Artist William Pope.L has recently been featured in The New York Times for his “Flint Water Project,” an installation that he did for the Detroit gallery What Pipeline.
The gallery has been transformed into a Flint Water-branded boutique from where the water will be bottled and sold as art objects with Pope.L’s designed label. The project has the characteristics of much of the artist’s own approach provoking with the theatrics of performance fueled by scathing satire and heartfelt activism. The labels are created featuring the sinister image of the Flint Water Plant that reads “16 fl. oz. non-potable.” The other side of the label also notes that the water may contain E. coli, lead, and Legionella.
“Flint Water Project” began with the gallery’s owners, Alivia Zivich and Daniel Sperry, inviting Pope.L for a performance in Detroit. The idea came to Pope.L to turn the focus of the show to the nearby Flint. The residents of the area were directly exposed to drinking water contamination since 2014 as the city’s water source was redirected from Lake Huron to the nearby Flint River as a cost-saving measure. This triggered a massive public health crisis and resulted in 12 deaths from a Legionella outbreak. Yet, authorities in Michigan Governor Rick Snyder’s administration ignored the issue for nearly two years and allegedly covered it up with the help of several state officials. The performance piece was designed to address the disintegrating bedrock of US’s presumed first-world privileges that includes drinkable tap water and the privilege of an accountable government. The project has been able to raise over $30,000 so far for the United Way of Genesee County and Hydrate Detroit. The water was finally returned to its original source in 2016, yet the US Environmental Protection Agency (EPA) once again declared Flint’s water to be safe, but for that to be true, the city has to first stand on its promise to finish replacing the corroded pipes. And in the meantime, this has also led to unsellable homes, deeply ingrained poverty, alongside the mass lead poisoning of a generation of children with its piling up cognitive consequences that are still to be determined. To add to this misery, homeowners have all along had to continue paying for their contaminated water which amounts to one of the highest rates in the country. While on the way to Flint, Pope.L spoke of an increasingly Orwellian America. His words echoed his politics and activism as he said: “I believe there is something aesthetic about being socially engaged, being involved in your community. There’s a beauty to making work that interacts with people, and I think there’s a way to describe and talk about it — and to do it well.”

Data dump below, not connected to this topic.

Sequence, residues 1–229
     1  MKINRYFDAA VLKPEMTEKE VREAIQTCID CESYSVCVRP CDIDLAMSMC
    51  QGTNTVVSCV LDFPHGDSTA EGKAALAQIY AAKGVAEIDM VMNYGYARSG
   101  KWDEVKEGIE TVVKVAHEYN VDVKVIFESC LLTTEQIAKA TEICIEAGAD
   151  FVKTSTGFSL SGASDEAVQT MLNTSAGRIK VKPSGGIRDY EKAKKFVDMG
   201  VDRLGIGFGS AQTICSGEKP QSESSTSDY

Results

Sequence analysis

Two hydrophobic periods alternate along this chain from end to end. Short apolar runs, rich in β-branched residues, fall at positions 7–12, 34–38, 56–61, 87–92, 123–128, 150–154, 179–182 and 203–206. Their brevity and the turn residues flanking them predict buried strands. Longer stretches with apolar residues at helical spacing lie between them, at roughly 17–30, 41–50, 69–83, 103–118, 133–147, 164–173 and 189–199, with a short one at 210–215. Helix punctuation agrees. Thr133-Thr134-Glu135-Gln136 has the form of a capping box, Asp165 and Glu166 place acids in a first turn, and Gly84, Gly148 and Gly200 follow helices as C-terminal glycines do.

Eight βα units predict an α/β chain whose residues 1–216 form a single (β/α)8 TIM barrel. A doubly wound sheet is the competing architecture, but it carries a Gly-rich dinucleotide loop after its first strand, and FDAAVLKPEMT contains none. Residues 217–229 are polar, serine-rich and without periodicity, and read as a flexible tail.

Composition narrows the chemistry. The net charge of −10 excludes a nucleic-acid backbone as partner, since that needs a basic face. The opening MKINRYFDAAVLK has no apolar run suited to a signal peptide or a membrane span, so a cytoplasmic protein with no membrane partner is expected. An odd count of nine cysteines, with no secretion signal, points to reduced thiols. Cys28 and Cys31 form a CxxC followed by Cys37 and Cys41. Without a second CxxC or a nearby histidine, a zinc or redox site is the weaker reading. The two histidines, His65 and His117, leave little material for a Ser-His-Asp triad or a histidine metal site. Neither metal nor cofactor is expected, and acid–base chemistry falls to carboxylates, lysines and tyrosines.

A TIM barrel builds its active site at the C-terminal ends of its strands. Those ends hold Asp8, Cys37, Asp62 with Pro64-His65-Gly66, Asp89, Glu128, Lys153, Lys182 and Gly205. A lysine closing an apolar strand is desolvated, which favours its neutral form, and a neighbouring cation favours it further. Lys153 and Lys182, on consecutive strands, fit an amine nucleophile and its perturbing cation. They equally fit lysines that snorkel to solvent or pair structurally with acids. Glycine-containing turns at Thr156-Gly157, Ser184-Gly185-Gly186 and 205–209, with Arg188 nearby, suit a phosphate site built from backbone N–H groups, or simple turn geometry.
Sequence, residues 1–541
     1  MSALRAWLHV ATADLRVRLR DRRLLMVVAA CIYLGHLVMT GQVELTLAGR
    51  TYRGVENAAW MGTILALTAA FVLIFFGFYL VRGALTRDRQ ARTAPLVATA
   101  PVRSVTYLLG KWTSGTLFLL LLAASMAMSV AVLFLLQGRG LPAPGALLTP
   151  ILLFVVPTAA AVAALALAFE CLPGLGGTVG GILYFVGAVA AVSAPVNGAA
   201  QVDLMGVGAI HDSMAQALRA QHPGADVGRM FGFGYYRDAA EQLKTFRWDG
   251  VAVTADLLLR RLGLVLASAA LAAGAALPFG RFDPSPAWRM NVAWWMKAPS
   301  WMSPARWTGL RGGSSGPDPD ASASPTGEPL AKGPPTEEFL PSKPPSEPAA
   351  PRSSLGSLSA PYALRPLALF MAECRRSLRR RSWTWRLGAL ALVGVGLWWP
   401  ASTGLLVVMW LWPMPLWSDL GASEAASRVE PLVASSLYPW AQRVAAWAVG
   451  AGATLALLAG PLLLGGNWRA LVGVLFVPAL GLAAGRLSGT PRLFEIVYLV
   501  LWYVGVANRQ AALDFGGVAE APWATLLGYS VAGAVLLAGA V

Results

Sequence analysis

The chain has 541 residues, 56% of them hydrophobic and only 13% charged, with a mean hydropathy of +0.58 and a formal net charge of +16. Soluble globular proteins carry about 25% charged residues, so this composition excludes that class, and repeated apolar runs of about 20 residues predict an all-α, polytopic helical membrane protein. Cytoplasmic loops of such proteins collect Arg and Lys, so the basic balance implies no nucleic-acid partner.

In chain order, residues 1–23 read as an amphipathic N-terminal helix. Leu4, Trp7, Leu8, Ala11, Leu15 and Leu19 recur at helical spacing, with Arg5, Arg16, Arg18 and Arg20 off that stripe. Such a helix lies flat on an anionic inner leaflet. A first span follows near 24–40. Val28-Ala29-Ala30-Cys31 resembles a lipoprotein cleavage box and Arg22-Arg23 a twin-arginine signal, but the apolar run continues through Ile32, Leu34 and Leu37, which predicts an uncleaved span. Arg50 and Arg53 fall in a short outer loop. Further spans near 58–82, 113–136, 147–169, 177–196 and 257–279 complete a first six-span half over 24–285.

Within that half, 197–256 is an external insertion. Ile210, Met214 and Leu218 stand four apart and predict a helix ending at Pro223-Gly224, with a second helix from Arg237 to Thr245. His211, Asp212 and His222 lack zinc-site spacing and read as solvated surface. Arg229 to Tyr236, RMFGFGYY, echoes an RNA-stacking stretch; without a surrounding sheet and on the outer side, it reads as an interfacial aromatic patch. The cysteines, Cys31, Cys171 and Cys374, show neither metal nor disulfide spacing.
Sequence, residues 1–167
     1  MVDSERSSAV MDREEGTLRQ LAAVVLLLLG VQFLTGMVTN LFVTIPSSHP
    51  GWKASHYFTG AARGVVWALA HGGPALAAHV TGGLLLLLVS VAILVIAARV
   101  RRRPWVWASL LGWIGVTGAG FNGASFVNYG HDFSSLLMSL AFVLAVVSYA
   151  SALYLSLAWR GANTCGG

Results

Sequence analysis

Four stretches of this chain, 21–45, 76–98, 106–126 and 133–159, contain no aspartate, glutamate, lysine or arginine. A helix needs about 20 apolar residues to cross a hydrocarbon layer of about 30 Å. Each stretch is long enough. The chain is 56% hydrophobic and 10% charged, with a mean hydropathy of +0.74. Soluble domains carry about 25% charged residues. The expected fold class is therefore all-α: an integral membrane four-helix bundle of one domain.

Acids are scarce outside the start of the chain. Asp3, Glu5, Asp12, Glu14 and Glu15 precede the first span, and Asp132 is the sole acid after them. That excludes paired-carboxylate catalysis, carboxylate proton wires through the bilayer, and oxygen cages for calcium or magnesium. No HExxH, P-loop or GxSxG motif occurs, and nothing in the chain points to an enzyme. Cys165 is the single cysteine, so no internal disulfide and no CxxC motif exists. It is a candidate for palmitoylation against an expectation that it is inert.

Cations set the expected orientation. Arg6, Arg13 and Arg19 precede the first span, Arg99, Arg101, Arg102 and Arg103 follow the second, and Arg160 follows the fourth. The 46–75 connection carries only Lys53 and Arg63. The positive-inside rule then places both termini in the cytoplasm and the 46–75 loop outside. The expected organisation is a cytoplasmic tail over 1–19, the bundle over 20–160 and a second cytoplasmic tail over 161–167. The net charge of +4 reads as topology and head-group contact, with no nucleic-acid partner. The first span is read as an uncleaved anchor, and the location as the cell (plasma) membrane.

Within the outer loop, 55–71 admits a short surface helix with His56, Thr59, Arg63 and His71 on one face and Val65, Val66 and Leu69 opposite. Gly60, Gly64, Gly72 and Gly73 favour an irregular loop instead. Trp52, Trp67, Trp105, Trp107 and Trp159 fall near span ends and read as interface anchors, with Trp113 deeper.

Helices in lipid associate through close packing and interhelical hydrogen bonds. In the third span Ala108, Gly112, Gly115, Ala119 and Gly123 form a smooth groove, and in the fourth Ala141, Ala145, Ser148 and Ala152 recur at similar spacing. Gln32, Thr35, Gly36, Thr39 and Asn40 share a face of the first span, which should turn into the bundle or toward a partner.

Artist William Pope.L has been recently featured in NYTimes about his piece “Flint Water Project.”